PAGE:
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Meal plan manifesto by francesca procaccini Barnard College is a small community, with brilliant professors and attentive staff. Its mission is to take in the young women of today and transform them into the experienced leaders of tomorrow. The custodians of this college strive to foster a campus community that supports this endeavor by encouraging, or rather, requiring, students to develop and defend their opinions. I have never felt that this was not the case at Barnard—until the recent events of this past fall semester.  Only a few weeks before finals, students received an e-mail stating that, starting next fall, meal plans would be mandatory for all students. After a student uproar, the administration called a forum to ask for student input, and now students are being selected to form a committee to advise the administration during this meal plan decision process. But rather than ask for active participation in the planning process, the administration only listened to student input after their policy caused outspoken opposition.  So I ask, how can we be trained as the leaders of tomorrow when we’re treated like children today?  And that is what this meal plan would effectively do—revert our lives back to adolescence, at the expense of both our stomachs and our wallets. Students’ dietary preferences will be severely restricted at a cafeteria, as compared to

Editorial & Opinion

the plethora of grocery-shopping options in the neighborhood. Whether you have a commitment to eating organic and local, or a dietary restriction to eating vegan or gluten-free, your food choices will be severely limited if not all together eliminated in an Aramark establishment. This plan will especially have acute implications for our students that have life-threatening allergies that do not permit them to eat in a cafeteria that mass prepares food.   What’s more problematic, however, is that this proposed policy would have an effect that is counterproductive to the mission of the college: It actually would be detrimental to students’ health and growth. At 22 years old, you may never have


eating and responsible spending. In a country that boasts one of the world’s highest obesity rates and one of the lower life-expectancy ratings in the developed world—not to mention the current state of our health care system—Barnard should be encouraging its students more than ever to be leaders in the health and environmental revolution, and specifically, to be women that lead by example. A couple of students—in true leadership fashion—took up the task of rallying students around the aim of “protecting our right to be off the meal plan.” Their method was simple—a Facebook group of which there are 640 members—and

IlLUSTRATION BY Cindy Chen had to cook for yourself, grocery shop, or learn financial responsibility when it comes to your diet. Students will still be eating (all-you-caneat) pizza, fries, and hamburgers most days of the week, rather than beginning to understand that tenuous balance between splurging and healthy

Deciphering De-Baathification n less than two weeks, millions of Iraqis will take to the polls to elect the 325 members of the Iraqi parliament. From afar, all the election R honda Shafei indicators appear encouraging: 3,000 T h e Pol iti c s polling stations of Hum mus have been primped and primed, international monitoring teams have arrived, 18.9 million Iraqis are registered, and over 6,000 candidates will partake in the vote on March 7. But a closer look at today’s Iraq will reveal a much gloomier picture: a tense political environment characterized by Sunni-Shiite antagonism, a defunct electoral commission, flagrant corruption, and a notably brutal spike in beheadings and suicide bombings. While all of this has occurred, the United States has effectively taken the back seat, deciding that it’s better to watch the election naturally unfold than to interfere and risk being labeled as intrusive. But just as the prognosis of a democratic and viable election becomes slimmer by the day, so too does the chance that a coalition government will form. America cannot afford the fallout that is bound to result from the injustices being committed by the Iraqi government. The most notable injustice is the disqualification of 511 candidates by the Iraqi Accountability and Justice Commission, a subset of the Iraqi Elections Committee. The board is run by two dubious politicians, Ahmad Chalabi and Ali al-Lami, both prominent Shiites who have been accused by top U.S. commander Raymond Odierno of having intimate ties with Iran. But their suspect backgrounds don’t end there: Al-Lami was arrested in 2008 for alleged ties to a Baghdad bombing that killed four Americans and six Iraqis, and Chalabi is the man accused of providing the Bush administration with faulty information on Iraq’s weapons program. It’s no surprise, then, that the commission would bar the 500-odd candidates, the vast majority of whom are Sunni politicians with former ties to the Baath party of Saddam Hussein. Both Chalabi and al-Lami acted as key figures on the 20032004 Supreme National De-Baathification Commission created by Paul Bremer. It wouldn’t be a stretch to say that the current justice commision is a continuation of the McCarthyite de-Baathification procedure— McCarthyite for its arbitrary firing of 30,000 ex-Baath politicians, thousands of intelligence officials, and all military officers above the rank of colonel. There exists no constitutional basis for the disqualification of candidates by the election board. If the elections are to move forward with a substantial number of Sunnis missing from the ballots, how could results possibly be representative of Iraqi society?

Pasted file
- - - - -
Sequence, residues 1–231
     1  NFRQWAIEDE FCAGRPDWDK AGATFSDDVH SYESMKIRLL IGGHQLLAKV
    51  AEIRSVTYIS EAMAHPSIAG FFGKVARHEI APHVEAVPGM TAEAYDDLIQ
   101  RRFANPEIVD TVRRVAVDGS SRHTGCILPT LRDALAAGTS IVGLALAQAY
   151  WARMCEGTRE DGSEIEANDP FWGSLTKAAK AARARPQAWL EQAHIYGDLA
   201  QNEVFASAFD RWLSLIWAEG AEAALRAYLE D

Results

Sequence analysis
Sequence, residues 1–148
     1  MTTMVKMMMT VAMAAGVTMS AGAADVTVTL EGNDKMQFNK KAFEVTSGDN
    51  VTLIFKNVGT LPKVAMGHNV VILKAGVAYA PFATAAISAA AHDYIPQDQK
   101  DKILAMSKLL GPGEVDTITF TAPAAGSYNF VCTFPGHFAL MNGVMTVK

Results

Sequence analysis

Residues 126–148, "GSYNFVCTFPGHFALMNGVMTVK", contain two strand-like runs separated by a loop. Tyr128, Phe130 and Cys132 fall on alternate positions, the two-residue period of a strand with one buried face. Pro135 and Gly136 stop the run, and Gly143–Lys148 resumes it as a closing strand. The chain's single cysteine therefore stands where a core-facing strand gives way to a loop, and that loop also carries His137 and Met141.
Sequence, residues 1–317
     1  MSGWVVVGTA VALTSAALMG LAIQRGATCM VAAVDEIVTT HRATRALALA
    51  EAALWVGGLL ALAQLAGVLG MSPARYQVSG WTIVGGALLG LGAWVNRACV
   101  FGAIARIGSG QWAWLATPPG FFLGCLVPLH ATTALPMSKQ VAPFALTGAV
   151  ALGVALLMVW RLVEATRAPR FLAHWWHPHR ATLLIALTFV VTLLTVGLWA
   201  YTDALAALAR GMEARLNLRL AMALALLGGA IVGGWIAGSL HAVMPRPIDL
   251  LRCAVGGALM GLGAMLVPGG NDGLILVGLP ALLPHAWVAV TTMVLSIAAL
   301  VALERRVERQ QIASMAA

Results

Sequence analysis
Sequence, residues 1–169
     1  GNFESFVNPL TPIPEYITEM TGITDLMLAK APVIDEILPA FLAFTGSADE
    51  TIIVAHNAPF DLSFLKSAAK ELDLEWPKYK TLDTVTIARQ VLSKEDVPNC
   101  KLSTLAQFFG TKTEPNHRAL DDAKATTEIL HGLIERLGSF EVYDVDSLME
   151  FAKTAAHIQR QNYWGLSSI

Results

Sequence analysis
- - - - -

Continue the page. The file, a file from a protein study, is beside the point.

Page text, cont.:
February 25, 2010